When you’re backpacking for months at a time, one thing you learn is that plans change. At first when I received the press trip to the Galapagos Islands, I rationed three weeks total for our travels in Ecuador. Snap a few pictures, see some wildlife, visit colonial churches back on the mainland and beeline for Machu Picchu in Peru. Well, three weeks turned into 3 months in Ecuador, mostly in the incredibly tranquil and safe hot spring town of Baños de Santa Agua, and Machu Picchu never happened. Instead, Neil and I braved the landslide-famed and switchback-glorified road to Chachapoyas, where we visited one of the most important and least touristed archaeological sites in Peru: Kuelap Fortress.
It was around this time that we started hearing about Bolivia. Bold and beautiful Bolivia. Traditional and high-flying Bolivia. Cheap as dirt Bolivia. We were intrigued with the mixed reviews. People either loved the Andean country or shivered at their recollections of it. To be fair, this country was where Butch Cassidy and the Sundance Kid retired when the American West was just too soft. Here in the wilderness, you can experience natural wonders of the Salt Flats.
To Get to Uyuni, Take an Overnight Bus from La Paz
On a whirlwind itinerary, we spent just over 2 weeks traveling through Copacabana, La Paz, and the Southwest Circuit in Bolivia. Note: US citizens must secure and pay for a visa in order to visit Bolivia. After Carnaval in the capital and a humid hike on Isla del Sol with Neil and my brother-in-law the Freak, we booked an overnight bus out of La Paz to Uyuni for a 3-day Salt Flats Tour. Parting ways with the Freak we headed south through the Andes.
We fell asleep to a thunderstorm cutting across the Bolivian plains and woke up to wheels shuttering over unpaved road. In the bus everything shook, stagecoach style. If they weren’t secure, your bags would rattle their way right off overhead bins. Neil got slammed in the head by falling debris all night long, although at one point he was lucky enough to catch somebodies cookies. Passengers with a bit more padding on their rears fared better than skinnier peers. Roads are merciless and bus drivers carry several sets of spare tires just in case.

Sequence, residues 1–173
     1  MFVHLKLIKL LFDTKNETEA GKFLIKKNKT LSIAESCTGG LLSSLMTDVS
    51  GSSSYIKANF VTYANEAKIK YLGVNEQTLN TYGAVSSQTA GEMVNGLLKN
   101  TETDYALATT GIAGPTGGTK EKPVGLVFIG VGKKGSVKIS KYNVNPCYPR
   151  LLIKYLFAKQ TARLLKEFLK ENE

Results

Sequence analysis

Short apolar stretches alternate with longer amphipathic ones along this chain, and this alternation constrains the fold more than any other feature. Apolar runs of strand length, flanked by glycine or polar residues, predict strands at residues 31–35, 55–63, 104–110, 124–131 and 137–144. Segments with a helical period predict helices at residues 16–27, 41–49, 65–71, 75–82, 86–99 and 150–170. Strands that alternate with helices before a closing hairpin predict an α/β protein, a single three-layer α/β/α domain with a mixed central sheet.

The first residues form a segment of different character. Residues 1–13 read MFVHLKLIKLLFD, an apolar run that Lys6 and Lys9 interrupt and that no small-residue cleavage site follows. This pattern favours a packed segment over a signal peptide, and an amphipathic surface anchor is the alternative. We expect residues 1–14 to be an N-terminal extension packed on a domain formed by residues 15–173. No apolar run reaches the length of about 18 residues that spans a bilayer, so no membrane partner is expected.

We rolled into Uyuni at 8am in a bus that looked tired and battered, but still the driver seemed like he was gearing up for a return trip to the capital. Insane. With just one foot off the bus, we had tour touts all over us. Groups were leaving at 10:30am and companies were eager to fill spots to capacity. At first, we felt pressured but as a group of three (traveling with our Spanish speaking buddy from Long Beach, Danny), we held tight and perused options.
Book your Salar Salt Flat Tours ASAP and Get out of Uyuni
We walked around town and immediately decided to leave on the first 4WD available. Uyuni is a town sprouted out of necessity. Tourists need a place to set down their packs and plan their adventures. Bus drivers require a bathroom. The salt manufacturers need a place to process their mounds of sal (salt). All this culminates into a dusty town with nothing to truly boast about and subpar, overpriced amenities. So, here’s a tip: arrive on the night bus, get a seat with a tour, and move out with the herd. Sure you’re dirty and tired. But this is Bolivia. Time to channel your inner Cassidy and Kid.
In La Paz, it’s cold in February. In the southwest, it’s hot. So when the tour guide looked at me and my 15 layers, he told me to get into shorts as soon as possible. With no bathrooms in sight or any privacy behind a curtain, I had no choice. Neil acted as my shield In the travel agency With proper cover, I just dropped my pants and did what I had to. And boom, my first of many firsts; standing in public in just my underwear, check.
“Me Encanta mi sucio” I love my filth…says my travel buddy.
This was pretty much a theme through the Salt Flat tours. Bathrooms are limited and the lone shower (when available) is shared between your group of 6 backpackers and up to 4 other groups, totaling a lovely line possibly 30 deep. Luckily lots of people embrace their filthy sides. One girl from our group just shrugged, saying “Me encanta mi sucio.” I’m no linguist but basically she’s fine with her own filth.
The shower was rough with a thin stream of warm water, jettisoning from a plastic nozzle. Anyone who has shared a room with me knows that I am the queen of speedy showers. I don’t like to linger. I get in, do my business and get myself out. I hold the record at 5 minutes for a shower and change under duress.
But when I showered during my first night of the tour, a guy standing there intent on enforced a four minute cap on my cleansing. He continually asked, “Are you OK”, so that I would limit my shower and conserve water. I was one of the lucky few. Third on line for the shower and two whiskey shots down to take the edge off of public showers, I had the little stall which was in decent shape when I hopped in. This would be my lone opportunity to shower for 3 days of hiking through volcanic valleys and treading barefoot through flooded salar salt flats.
As the metal gates closed around our cement compound in the Bolivian wilderness, I felt as if I was in some cult initiation. 4WD trucks filled the center courtyard, surrounded by rooms stuffed with 6 travelers apiece. A generator ran the power and two toilets serviced all guests and guides. I stepped back and laughed. I’m 33, married and still wearing the same clothes from 3 days earlier. But it’s all good. I was standing under a star-studded sky, listening to iTunes and sharing high altitude wine with recent strangers turned friends. I was about to see pink flamingos and houses made of salt and wind-eroded red rocks. Bolivia may be rough and “traditional” as some people have claimed but there are very few places left in the world so pure and, at 5500 meters, so close to heaven.